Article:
The contrast between these two cases indicated that high dose parenteral thiamin might be a physiologic super-agent against various microbial infections while penicillin completely failed. This observation became a lifesaving suggestion for the following critical case in Tianjin 2016. If confirmed with a large number of cases, regular antibiotics may be replaced inevitably, especially in lifethreatening conditions.
Thiamin, a super antibiotic: As inspired by the above cases, high dose parenteral thiamin was used in civil patients with various infections. Therapeutic effect was dramatic as in followings:
Case with fulminating viral pneumonia and thromboses: At the early days of February of 2016,  the north hemisphere became bitterly cold. The water pipe inside a building in Tianjin city leaked and icy water flooded down into a resident’s bedroom. The 38 years old housewife immediately removed bitter cold water with all her strength and exhausted. Next morning she got fulminating high fever of 40 degree C, a few blood sputum and general pain. On Feb 9, 2016, she admitted to the top Hospital of a University (case No.1007092882) for emergency care. She was noticed on critical and found to have:
a. Severe and unique pneumonia with multiple scattered shadows in both lungs especially the upper portion of the left lung with multiple small perforations. The phylum region in the X-ray film revealed as a large tree with thick and long branches. It was caused by an unknown kind of virus, unidentified when compared with all the specimen in the University.
b. Thromboses in left lateral pelvic, femoral and deep femoral veins of the left extremities and severe edema of the left leg and foot. She was under high risk of embolism.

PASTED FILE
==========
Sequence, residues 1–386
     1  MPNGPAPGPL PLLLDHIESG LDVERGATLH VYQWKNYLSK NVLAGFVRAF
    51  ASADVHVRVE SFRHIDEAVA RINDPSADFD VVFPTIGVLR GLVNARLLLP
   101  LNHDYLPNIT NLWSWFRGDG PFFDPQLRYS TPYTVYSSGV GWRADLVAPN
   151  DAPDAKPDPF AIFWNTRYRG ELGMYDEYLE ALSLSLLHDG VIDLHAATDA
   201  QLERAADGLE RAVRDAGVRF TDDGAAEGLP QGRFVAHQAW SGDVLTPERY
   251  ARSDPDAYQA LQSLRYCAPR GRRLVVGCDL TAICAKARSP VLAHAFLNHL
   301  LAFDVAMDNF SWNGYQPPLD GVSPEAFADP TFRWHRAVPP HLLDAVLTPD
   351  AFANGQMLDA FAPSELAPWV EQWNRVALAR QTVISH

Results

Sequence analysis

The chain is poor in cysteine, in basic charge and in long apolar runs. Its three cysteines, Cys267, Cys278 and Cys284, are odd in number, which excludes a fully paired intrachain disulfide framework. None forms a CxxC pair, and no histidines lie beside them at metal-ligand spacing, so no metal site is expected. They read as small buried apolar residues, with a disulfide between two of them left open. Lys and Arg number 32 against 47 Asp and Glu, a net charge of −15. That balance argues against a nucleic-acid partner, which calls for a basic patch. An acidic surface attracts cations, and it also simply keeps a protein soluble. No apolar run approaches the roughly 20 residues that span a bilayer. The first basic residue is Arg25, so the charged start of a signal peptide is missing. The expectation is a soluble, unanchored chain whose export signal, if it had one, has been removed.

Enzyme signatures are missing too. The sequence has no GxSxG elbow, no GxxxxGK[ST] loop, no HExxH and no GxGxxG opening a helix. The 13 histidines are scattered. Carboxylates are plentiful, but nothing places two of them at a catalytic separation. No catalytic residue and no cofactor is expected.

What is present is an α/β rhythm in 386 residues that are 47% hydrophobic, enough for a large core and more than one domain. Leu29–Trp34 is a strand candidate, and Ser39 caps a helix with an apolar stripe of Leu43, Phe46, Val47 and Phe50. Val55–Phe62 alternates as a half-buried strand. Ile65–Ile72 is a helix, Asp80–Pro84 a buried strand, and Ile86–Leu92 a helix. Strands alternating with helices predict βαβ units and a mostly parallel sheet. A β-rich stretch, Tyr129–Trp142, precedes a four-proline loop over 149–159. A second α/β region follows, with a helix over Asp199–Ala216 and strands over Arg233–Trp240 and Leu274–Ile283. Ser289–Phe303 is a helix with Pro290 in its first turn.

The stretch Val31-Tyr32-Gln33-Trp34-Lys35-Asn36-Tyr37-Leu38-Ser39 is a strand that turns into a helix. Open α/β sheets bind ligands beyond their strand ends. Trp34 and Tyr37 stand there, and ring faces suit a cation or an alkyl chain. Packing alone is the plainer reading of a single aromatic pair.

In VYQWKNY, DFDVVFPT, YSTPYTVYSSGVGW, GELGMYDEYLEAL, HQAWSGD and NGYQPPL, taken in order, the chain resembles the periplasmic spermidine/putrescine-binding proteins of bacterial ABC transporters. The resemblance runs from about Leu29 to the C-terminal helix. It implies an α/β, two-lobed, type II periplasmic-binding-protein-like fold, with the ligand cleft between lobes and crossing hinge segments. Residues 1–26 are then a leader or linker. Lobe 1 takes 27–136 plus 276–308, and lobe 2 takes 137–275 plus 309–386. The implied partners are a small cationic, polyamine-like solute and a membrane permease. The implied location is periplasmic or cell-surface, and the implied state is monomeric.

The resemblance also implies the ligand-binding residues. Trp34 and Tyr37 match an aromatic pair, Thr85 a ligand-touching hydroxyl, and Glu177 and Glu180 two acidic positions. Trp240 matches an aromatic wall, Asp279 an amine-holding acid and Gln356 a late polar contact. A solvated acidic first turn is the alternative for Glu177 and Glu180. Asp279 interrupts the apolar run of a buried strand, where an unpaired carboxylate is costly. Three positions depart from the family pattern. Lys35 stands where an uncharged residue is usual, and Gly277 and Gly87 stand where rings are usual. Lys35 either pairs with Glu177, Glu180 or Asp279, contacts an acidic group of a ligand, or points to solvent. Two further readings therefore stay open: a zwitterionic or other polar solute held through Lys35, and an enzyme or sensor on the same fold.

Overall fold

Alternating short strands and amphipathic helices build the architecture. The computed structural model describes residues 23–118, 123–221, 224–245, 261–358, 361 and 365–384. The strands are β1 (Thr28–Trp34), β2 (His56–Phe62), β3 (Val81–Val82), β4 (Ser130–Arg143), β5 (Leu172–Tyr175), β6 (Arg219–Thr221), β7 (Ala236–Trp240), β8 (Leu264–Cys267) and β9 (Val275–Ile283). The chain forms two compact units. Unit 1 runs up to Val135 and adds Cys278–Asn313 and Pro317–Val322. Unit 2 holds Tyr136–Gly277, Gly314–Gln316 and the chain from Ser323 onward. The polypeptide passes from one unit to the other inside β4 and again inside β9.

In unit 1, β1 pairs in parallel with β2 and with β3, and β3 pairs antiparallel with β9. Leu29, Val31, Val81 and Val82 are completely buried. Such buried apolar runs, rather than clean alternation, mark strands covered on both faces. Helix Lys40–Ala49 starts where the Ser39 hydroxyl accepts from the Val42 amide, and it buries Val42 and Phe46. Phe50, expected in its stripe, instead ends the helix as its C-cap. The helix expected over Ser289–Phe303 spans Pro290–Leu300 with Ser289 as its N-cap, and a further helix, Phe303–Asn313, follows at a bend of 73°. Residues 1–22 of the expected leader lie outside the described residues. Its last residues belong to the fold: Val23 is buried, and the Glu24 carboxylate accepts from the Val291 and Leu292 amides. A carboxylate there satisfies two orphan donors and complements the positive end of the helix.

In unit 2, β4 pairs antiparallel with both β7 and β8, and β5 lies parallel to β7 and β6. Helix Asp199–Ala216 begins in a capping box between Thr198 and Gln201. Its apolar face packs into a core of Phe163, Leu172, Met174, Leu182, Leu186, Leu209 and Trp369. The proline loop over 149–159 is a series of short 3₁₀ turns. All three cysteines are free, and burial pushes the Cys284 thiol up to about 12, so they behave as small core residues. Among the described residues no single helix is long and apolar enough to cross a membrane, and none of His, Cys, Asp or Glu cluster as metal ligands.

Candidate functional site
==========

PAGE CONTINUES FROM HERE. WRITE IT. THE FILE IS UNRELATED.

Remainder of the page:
c. Heart failure.
d. Infection of type C hepatitis.
She received very expensive immunoglobulin, anti-viral, antithrombotic and antipyretic medicine daily but no effect for10 days. Mega dose of parenteral thiamin therapy was suggested by this author but rejected by the Hospital. Then her brother secretly carried her home to save her life without contacting the Emergency Department. It was a great joke.
At home, the only treatment was parenteral thiamin 200 mg and an ample of vitamin B complex (containing VB1 10 mg, VB2 2mg, VB3 30 mg, VB6 2mg, pantothenic acid 1 mg) 3 times a day. Body temperature became normal within 2 days and leg edema disappeared within 5 days. Bloody sputum disappeared and she felt well but fatigue and lassitude.
On April 27, 2016, she admitted Beichen Hospital (case No. 95442) for check-up and revealed: normal heart, hepatitis C negative, several spot-stripe shadows in the lung phylum especially the left side, few effusion in the left thoracic cavity and few irregular thickness in the left pleura, thromboses were found in femoral and deep femoral veins and no further description. Small perforations in the left lung were not found. Her health became good enough to do household work and injections continued so as to control thromboses and lung infection completely. She was saved.
After 4 months from her escape from the top Hospital, she returned her full job and also worked extra hours to pay the high cost for the hospital. No trouble from thrombosis or embolism had occurred. This should be also studied if thiamin has any effect on thrombosis and embolism. On Dec16, 2016, she was checked again in Tianjin People’s Hospital (#0004663770). Her blood count, ECG, and X-ray film of the chest were normal.
A large furuncle: A 38 years old female suffered from a large furuncle at the gluteal region, Nov17, 2018. Its red, hot, severe pain and tender area was about 10 cm. Thiamin 300 mg twice a day were injected. After the third injection, severe pain vanished. It was completely cured without pus formation after 8 injections.
Common cold: Thiamin 200 mg and VB Co.1 ampule were injected for 10 adult cases with common cold in Tianjin west, 2017. Temperature and symptom became free in 1 day for 1 case, 2 days for 5 cases, and 3 days for 4 cases.
Riboflavin deficiency fever